There are healthy vibrant flowers on the plants but in the past an abundance of flowers often resulted in only one or two mature fruit. Squash are not self-pollinating they rely on fertilization either by wind, bees or by hand. And all squash plants are monoecious, meaning they have both male and female flowers on the same plant but only female flowers develop into fruit. The male flowers are there simply to pollinate the female and there are usually three to four male flowers to each female flower. To identify the female you look for a swelling just below the base where, if successfully pollinated, the squash will develop. I have to say this swelling was not very obvious and you need to be there the day the flowers open so I missed half of them. If you can identify the female then you can help the process along by removing newly opened male flowers and gently swirling their stamens against the female flowers and bees were also helpfully busy too on a recent sunny day. But I resorted to an artist’s paintbrush and in a cavalier manner transferred the pollen relying only on chance encounters with possible female recipients. It seems to have worked and pollinated fruit is steadily developing.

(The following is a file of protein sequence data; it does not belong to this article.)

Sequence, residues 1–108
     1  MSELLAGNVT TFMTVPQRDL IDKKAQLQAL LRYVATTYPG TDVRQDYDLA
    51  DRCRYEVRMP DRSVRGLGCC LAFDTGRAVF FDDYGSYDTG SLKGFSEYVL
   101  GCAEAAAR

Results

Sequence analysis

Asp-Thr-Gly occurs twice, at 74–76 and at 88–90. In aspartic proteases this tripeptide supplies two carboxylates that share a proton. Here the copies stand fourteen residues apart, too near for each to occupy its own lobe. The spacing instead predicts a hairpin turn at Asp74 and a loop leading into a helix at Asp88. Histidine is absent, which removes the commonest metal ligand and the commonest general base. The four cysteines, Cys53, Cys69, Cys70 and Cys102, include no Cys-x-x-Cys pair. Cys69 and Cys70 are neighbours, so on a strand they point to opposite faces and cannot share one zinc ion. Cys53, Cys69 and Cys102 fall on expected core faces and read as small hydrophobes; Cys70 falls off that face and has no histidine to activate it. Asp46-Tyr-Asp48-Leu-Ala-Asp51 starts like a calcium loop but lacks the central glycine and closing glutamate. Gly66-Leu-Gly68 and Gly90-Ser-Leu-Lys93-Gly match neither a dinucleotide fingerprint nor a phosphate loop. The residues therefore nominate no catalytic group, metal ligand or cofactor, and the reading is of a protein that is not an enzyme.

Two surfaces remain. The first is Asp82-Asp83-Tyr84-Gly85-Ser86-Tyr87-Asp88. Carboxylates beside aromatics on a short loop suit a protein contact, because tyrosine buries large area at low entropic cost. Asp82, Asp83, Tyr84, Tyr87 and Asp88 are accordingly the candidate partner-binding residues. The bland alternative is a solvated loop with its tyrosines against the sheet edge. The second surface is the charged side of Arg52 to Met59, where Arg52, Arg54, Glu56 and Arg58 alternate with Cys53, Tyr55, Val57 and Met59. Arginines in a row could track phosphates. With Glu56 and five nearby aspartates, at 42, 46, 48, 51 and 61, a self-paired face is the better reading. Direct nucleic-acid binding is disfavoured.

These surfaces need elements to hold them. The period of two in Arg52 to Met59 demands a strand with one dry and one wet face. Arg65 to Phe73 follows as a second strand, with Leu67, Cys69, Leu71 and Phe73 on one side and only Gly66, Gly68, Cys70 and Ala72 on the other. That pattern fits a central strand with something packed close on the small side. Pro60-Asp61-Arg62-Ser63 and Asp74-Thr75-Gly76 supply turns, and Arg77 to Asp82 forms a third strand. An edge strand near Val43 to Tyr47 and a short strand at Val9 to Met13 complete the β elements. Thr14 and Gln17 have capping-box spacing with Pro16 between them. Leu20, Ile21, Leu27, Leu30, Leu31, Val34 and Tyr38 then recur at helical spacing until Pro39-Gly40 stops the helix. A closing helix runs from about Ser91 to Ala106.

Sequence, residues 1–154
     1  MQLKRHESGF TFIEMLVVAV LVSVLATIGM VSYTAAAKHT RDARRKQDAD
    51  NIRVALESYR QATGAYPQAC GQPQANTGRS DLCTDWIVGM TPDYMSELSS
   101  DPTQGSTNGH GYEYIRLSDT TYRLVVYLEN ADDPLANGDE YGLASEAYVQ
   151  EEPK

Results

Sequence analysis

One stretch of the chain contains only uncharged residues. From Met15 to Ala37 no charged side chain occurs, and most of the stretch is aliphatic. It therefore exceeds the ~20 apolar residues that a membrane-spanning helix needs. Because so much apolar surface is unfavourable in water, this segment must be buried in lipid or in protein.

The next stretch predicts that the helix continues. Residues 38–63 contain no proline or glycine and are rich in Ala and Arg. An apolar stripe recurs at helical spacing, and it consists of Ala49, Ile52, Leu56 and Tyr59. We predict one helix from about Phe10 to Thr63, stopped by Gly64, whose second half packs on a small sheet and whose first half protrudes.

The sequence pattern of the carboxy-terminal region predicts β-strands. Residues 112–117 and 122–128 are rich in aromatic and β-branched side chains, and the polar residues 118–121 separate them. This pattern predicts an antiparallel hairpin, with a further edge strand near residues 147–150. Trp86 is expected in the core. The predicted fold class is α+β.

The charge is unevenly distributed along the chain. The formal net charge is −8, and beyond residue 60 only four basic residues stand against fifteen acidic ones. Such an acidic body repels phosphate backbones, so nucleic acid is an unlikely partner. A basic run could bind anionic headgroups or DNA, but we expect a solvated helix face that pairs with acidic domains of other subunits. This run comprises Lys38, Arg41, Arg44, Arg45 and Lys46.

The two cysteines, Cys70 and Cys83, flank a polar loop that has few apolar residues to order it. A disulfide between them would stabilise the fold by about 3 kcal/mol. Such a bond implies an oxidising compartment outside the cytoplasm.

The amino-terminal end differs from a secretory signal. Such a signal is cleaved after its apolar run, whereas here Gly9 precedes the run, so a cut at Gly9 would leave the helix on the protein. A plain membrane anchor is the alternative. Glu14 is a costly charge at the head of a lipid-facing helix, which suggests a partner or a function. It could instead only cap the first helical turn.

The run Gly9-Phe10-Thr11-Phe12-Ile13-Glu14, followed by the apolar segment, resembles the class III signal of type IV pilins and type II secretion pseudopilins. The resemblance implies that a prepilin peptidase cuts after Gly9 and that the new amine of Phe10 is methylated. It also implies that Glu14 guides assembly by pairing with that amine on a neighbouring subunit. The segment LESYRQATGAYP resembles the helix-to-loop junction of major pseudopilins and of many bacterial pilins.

The dwarf French beans ‘Purple Queen’ sown directly in the ground three weeks ago (there’s still time) are up and looking healthy. I spread coffee ground over the soil so that as the seedlings emerged they’d be protected against slugs and snails and it seems it has worked.
This week I prepared a seed bed ready to sow Cavola Nero, spinach beet, flat-leaf parsley, coriander, Swiss chard and kohl rabi all in loose rows. When the seedlings are up they will be separated and transplanted in late-Summer.
Several plot holders on the allotment have sown patches of ground with attractive flowers. I love this Californian poppy ‘Carmine King’ offset by pale grey leaves.
Knautia macedonica ‘Red Knight’ lines the side of a poly-tunnel.
And on my patch a bed of Cosmos ‘Sensation’ has just opened and the bees are very delighted.
This week a pot of nasturtium leaves, Alchemilla mollis and Verbena bonareinsis were picked for the kitchen table…